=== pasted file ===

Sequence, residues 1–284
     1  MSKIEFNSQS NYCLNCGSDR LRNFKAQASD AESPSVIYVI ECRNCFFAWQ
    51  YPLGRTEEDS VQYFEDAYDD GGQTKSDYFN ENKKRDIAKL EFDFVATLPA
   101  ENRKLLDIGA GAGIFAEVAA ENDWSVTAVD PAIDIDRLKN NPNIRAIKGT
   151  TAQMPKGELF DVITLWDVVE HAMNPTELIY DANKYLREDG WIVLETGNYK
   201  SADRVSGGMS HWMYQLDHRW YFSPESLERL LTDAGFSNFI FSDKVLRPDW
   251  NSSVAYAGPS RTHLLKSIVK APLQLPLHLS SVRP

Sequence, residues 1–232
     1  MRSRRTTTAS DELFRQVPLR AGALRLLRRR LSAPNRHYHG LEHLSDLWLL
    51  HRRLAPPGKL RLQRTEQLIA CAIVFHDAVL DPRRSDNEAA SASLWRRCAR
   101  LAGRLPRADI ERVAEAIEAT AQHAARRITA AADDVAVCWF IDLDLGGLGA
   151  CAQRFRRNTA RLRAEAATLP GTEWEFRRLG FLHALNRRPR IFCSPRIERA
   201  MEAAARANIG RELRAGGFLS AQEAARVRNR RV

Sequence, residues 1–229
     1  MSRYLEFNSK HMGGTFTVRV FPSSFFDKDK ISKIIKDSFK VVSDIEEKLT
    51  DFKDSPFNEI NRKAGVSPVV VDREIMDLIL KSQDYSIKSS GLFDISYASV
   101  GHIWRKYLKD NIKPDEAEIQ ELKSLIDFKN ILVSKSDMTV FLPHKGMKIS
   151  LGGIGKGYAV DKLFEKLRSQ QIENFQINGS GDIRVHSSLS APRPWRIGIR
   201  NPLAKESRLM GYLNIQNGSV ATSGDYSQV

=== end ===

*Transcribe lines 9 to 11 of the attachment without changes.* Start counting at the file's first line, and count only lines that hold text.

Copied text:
     1  MRSRRTTTAS DELFRQVPLR AGALRLLRRR LSAPNRHYHG LEHLSDLWLL
    51  HRRLAPPGKL RLQRTEQLIA CAIVFHDAVL DPRRSDNEAA SASLWRRCAR
   101  LAGRLPRADI ERVAEAIEAT AQHAARRITA AADDVAVCWF IDLDLGGLGA